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Does Google still need text to understand my site?

Does Google still need text to understand my site? - answered by Matt Cutts

Matt's answer:

Today’s question comes from the UK. Danielroofer asks, I have removed a lot of text from my site and replaced it with images. My bounce rate has dropped considerably. Conversions and time on the site are up. Will Google have an issue with the lack of textual content on the site? Does Google still need text? Wow, really great question. Google does still want text, so there’s a couple options. One is if you have an image that you’ve made of some text that’s really beautiful, you can include some textual content there. You can sort of say, Alt, or the title, that sort of thing. So you can say, for an image, here’s some text to go along with that. And that can help. But one thing that I would recommend is– one of the reasons why your site might be having more user interaction, time on the site, conversions, all that sort of stuff, is because it’s prettier. And we see that. Better design can help people enjoy and use your site more. So one middle ground that I would recommend that you might want to investigate is there’s something that Google provides for free called Google Web Fonts, and they continue to iterate on it. Just a few weeks ago, they released a poster modes that you can do all sorts of cool stuff with that. But there are 521 free fonts available on google.com/webfonts– all one word, all lowercase. So with that, you can make really pretty text, but you can still copy and select it. You can paste it. So you can have business hours or stuff that people can copy and mail to each other, which is really handy, and that text can be indexed by a search engine. So I would explore that as a middle ground rather than going all images. At this point, I wouldn’t count on Google being able to do, like, OCR of all the images on your site or something along those lines. If you can give us a little bit of hints, either with Alt information or that sort of thing, or explore Google Web Fonts. And there are other ways to do free fonts online, where the fonts are pretty but they’re still indexable. That would be the middle ground that I would try to veer toward, if you can, because that helps everybody. It’s still a pretty user experience, but search engines can index it and users can still copy individual words or a paragraph and mail that to their friends and stuff like that.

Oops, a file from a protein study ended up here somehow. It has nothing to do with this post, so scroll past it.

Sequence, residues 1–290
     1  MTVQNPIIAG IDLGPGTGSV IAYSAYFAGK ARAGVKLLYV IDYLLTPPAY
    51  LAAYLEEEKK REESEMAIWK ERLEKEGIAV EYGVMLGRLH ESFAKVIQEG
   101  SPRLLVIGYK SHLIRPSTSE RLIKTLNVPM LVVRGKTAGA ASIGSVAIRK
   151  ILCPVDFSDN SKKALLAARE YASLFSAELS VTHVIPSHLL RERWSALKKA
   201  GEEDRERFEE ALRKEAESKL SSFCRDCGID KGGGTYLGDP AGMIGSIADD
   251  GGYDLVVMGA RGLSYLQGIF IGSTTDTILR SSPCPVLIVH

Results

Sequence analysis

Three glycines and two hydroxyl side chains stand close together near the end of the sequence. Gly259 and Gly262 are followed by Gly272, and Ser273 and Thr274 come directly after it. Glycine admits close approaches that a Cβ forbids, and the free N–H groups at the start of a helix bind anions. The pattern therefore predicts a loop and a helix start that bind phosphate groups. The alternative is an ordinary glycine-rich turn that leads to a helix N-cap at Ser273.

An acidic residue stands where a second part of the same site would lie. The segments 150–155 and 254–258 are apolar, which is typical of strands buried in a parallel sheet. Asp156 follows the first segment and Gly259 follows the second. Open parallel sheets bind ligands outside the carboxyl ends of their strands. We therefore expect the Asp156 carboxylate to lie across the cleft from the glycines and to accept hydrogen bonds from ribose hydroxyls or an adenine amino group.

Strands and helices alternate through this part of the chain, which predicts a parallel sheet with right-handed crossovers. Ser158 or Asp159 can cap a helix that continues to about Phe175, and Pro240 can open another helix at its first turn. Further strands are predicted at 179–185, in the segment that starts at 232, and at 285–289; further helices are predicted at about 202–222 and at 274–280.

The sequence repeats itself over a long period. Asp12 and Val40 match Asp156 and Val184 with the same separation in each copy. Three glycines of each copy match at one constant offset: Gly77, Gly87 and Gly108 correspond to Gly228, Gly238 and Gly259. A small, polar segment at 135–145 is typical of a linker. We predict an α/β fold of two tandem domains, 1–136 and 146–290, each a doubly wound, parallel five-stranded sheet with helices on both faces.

by Matt Cutts - Google's Head of Search Quality Team


Original video: